yourself." I suggest you respond to the statements I made rather than use insults to put forth
    your point of view.

    >> It is significant enough that the ancients in the days of tubulars invented hard glue to get rid
    >> of this parasitic loss for record events on the track.

    > The use of ad hominem, "the ancients" is a Jobst signature, crudely inserted to divert
    > attention from the actual issues. In fact there is no such rolling resistance due to tubular
    > glues of any kind.

    Oh! "the ancients" refers to those professionals who long ago developed high performance tubulars
    and their use. To whom do you believe this was an ad hominem? I use the term often to refer to those
    who came before my time and made significant contributions to the art. How do you explain the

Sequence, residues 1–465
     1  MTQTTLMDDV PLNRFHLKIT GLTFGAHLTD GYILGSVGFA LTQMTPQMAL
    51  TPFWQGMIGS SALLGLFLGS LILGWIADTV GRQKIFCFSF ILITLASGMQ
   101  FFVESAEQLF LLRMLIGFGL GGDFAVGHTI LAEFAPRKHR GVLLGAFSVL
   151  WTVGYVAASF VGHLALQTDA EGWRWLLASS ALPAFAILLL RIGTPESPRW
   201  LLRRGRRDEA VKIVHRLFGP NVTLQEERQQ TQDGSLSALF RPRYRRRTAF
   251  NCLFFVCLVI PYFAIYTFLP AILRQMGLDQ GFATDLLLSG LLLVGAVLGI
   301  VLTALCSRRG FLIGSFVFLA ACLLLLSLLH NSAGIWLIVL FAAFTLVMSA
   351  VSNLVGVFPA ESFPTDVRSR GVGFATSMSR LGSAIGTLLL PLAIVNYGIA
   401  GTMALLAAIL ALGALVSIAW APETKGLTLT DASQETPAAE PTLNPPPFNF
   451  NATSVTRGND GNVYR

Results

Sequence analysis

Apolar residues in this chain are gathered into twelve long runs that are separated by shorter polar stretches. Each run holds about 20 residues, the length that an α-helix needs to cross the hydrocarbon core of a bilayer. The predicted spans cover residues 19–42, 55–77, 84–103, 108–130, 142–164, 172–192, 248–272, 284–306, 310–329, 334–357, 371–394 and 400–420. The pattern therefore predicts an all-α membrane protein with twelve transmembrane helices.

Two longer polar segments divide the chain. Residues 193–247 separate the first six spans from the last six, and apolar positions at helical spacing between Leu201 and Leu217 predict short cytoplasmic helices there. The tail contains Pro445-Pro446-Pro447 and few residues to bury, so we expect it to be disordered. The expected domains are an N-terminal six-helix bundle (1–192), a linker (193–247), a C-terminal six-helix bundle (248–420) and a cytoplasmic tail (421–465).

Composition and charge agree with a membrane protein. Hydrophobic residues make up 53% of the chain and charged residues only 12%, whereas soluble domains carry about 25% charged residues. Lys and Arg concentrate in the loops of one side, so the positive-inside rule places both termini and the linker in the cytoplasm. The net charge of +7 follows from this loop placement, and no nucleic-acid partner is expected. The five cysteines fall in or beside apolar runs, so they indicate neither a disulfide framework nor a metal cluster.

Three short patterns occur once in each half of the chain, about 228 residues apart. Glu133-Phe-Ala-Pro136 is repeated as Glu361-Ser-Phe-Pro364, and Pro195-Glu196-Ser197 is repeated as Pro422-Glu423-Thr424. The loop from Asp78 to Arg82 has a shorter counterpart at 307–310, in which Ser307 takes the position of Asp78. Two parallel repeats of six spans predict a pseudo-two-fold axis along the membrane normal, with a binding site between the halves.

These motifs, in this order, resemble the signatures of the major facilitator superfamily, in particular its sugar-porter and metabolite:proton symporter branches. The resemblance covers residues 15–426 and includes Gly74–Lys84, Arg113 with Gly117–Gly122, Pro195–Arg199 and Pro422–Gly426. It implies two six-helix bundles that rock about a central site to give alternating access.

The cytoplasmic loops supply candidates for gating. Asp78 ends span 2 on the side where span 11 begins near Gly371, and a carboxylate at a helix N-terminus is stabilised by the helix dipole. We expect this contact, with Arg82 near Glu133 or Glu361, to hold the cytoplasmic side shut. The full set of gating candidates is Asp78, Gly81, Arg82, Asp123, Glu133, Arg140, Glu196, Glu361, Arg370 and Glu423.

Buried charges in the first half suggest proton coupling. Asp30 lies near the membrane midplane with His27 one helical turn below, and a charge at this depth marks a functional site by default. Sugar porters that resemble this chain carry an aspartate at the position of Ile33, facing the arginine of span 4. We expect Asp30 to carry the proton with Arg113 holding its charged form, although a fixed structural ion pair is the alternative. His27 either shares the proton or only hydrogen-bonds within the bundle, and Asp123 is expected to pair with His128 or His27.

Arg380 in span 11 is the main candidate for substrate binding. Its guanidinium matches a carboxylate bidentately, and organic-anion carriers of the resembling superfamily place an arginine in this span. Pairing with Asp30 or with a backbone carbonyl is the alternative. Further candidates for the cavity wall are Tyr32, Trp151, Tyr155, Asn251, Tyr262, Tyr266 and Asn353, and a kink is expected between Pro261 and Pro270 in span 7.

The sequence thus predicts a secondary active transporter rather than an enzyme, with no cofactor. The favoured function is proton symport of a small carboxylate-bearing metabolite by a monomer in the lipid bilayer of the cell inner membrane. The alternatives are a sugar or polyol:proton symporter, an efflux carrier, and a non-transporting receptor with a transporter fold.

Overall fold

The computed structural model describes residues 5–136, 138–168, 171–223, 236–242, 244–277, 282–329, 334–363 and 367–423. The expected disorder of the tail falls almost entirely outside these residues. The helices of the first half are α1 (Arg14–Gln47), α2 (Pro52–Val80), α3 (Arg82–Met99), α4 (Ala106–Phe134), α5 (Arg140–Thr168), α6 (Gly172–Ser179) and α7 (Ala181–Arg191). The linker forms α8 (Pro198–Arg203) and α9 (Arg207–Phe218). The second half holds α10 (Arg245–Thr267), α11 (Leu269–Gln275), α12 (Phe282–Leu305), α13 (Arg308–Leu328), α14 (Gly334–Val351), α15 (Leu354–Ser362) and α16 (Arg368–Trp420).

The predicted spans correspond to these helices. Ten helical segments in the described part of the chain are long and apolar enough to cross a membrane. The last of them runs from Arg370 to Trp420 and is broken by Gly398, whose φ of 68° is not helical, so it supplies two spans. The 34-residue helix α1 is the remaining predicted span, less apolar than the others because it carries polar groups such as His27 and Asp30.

existence of road and track glue? To what do you attribute the data in those curves and how do you
    explain wear on base tapes that leaves cloth abrasion marks in aluminum rims. I'm interested on what
    you base your claim that pressure sensitive rim glue has no losses. Have you ridden tubulars over
    any significant distance?

    > Problem is Jobst's data is based on a machine of his design for illustrating performance
    > advantages of the tires of his employer (Avocet).

    These tests were done in Japan by IRC tire company on a standard RR machine that is used to compare
    tires. Since RR is caused by tire flex, measuring all tires against a steel drum is a valid